The surprising thing is that they’re not marketing this more aggressively. The problems Davies had have been common for a few years: everyone in her position should be paying for decent email, but the providers aren’t advertising on that basis. Google don’t offer a premium service like Yahoo’s, Microsoft charge $9.95 a month, which is a bit steep, and the services just aren’t marketed.
ISPs could offer domain and mail hosting as an extra, but the consumer-oriented ones don’t, or don’t push it.
Possibly the providers are worried about adverse selection: if they advertise on the basis of being able to handle hacking incidents, they’re offering hostages to fortune in terms of the inevitable dissatisfied customers undermining their name with complaints.
As a disinterested (and irresponsible) third party, I will do it for them: Do not use Gmail. Do not use MSN Hotmail, unless you are paying the $9.95 a month for premium (which I don’t recommend, because it’s too much). Use your ISP’s email account if you’re not planning to move or switch in the next five years. Otherwise get a personal domain and get a basic email service from the likes of 1and1, or, if that’s too complicated (and it is a bit complicated), get Yahoo! Plus for $19.95 a year. I’m not recommending these through experience, just through looking for email services that cost a little money and offer telephone support.
If you’re not willing to pay, or you’re not willing to give up Gmail (which, I admit, is a very nicely done service), then remember that you have nobody to whine to if your Gmail is hacked. You have other options, and you have chosen to trust your email to a company you have no commercial relationship with. I have nothing against Google, but if you want a company to have responsibilities towards you, you have to pay them.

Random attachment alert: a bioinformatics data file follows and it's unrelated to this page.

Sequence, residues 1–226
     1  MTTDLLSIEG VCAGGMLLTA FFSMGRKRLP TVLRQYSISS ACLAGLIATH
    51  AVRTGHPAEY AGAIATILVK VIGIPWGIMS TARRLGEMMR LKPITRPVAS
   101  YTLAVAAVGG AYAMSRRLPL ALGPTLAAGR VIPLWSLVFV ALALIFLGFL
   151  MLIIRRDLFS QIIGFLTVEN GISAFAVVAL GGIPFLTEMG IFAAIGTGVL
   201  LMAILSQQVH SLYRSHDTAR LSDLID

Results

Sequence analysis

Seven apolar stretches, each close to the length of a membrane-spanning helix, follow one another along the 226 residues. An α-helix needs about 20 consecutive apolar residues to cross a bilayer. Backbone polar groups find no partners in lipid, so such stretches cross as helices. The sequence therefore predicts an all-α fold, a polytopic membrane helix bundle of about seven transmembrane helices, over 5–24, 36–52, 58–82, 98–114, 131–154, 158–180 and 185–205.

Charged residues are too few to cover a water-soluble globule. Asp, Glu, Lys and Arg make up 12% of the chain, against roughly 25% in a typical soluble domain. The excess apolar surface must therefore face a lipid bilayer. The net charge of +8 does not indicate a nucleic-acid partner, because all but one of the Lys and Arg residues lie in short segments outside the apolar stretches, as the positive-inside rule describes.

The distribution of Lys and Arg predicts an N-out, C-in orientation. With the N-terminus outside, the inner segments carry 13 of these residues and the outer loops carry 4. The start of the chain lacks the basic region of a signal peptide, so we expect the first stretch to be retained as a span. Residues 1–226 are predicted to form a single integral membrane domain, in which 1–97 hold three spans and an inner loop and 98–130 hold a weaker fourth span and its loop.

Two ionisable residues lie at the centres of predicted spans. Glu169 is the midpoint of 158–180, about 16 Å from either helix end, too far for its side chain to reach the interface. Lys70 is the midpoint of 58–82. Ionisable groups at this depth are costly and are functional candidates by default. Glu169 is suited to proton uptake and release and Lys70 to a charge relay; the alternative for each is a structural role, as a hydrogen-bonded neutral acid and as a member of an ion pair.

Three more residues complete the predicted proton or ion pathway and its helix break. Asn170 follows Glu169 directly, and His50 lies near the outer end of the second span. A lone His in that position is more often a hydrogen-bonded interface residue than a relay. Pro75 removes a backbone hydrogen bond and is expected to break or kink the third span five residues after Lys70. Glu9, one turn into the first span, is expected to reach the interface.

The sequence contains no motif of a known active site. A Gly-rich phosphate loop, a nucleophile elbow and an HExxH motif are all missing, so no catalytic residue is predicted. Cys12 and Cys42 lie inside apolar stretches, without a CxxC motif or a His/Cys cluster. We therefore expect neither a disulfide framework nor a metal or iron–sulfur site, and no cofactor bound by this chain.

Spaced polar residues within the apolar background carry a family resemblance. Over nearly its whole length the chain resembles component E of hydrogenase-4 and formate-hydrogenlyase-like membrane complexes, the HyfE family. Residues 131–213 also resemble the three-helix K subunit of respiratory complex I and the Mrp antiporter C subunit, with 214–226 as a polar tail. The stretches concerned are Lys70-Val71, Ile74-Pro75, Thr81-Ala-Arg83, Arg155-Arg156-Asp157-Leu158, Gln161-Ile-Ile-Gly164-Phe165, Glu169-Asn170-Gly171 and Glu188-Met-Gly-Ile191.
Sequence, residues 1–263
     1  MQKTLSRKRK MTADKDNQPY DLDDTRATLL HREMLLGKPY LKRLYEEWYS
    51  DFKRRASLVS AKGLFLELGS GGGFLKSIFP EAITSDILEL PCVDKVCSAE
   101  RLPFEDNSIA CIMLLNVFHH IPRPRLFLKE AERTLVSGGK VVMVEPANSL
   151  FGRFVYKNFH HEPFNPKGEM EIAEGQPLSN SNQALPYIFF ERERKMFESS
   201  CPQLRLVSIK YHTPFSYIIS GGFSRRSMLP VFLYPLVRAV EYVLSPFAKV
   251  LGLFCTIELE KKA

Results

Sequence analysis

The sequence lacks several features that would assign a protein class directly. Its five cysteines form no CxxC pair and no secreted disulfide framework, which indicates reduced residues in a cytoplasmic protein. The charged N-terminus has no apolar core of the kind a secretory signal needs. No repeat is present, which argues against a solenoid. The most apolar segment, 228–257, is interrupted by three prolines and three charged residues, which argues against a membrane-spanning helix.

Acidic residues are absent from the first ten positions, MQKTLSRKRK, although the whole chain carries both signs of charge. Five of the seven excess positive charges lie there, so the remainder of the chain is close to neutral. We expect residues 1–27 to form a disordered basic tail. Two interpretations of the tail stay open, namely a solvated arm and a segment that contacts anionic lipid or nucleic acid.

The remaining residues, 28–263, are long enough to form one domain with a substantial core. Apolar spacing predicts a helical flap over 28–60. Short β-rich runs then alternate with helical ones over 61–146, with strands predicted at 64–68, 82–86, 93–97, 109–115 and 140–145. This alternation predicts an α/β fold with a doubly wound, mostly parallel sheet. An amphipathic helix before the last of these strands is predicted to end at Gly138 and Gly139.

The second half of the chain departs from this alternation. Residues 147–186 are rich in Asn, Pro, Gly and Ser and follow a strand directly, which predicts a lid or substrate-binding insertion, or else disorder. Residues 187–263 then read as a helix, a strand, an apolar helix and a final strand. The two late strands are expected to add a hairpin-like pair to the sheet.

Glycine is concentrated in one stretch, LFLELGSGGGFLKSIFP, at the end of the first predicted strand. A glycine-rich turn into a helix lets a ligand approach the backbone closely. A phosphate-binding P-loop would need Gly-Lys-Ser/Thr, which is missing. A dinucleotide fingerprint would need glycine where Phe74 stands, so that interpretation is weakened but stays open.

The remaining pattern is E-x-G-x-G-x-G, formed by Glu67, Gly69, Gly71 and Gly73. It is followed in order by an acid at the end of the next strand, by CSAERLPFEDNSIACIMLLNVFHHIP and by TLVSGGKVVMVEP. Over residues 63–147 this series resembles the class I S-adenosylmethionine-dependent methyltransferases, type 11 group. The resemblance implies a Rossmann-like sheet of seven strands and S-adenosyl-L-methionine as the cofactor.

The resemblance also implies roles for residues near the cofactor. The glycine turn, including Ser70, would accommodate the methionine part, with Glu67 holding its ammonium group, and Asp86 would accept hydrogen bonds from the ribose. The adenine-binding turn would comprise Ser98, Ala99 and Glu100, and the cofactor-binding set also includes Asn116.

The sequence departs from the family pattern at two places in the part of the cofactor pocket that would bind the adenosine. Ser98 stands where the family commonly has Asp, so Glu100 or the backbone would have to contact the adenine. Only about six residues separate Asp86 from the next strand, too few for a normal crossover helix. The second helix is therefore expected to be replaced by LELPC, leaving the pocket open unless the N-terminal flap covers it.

One of the most striking things about the last few decades is that relatively low-ranking elements of the state apparatus have arrogated power to themselves without any legal or legislative basis, and that this has been calmly accepted by the public at large.
Because these seizures of power are technically illegal, they can be challenged in the courts, and occasionally are. See for instance Neil Herron’s campaign against imposition of arbitrary parking rules by local councils.
While the courts can, and technically should, rule in favour of eccentrics such as Herron, they sometimes exhibit reluctance to contradict the common assumptions of society, which are that someone who works for the council or the police or a government department can do whatever they decide within the area relevant to their job.
Because it is so accepted, it is not easy to spot, and only becomes really obvious when they overreach. What is interesting about the police decision to “authorize” an undercover officer to give false personal and identity details under oath in a criminal prosecution is not whether they will actually get away with it this time (I assume they won’t), but that they ever imagined they could.
The same effect was evident with the MP expenses affair: I quoted at length Nadine Dorries’ insistence that a group of party whips and civil servants had encouraged MPs to make false expenses claims, and that that actually made it OK.
A more significant example is the Foot and Mouth cull back in 2001, in which, it is widely argued, the culling of healthy cattle was done without any legal authority.
At this stage in the post, I should turn these observations into a neat argument in favour of whatever broad political position I am in favour of at the moment (formalism, monarchy, etc.) I suppose I just about could manage it: lines of authority are unclear, nobody ultimately admits to being responsible for anything, so people on the spot feel obliged to just assume responsibility, blah, blah, blah. If I thought about it and worked on it for a while, I might really come to take it seriously as an argument, but right now it feels a little dishonest, so I’d rather just put the whole thing forward as an observation and a point for further consideration.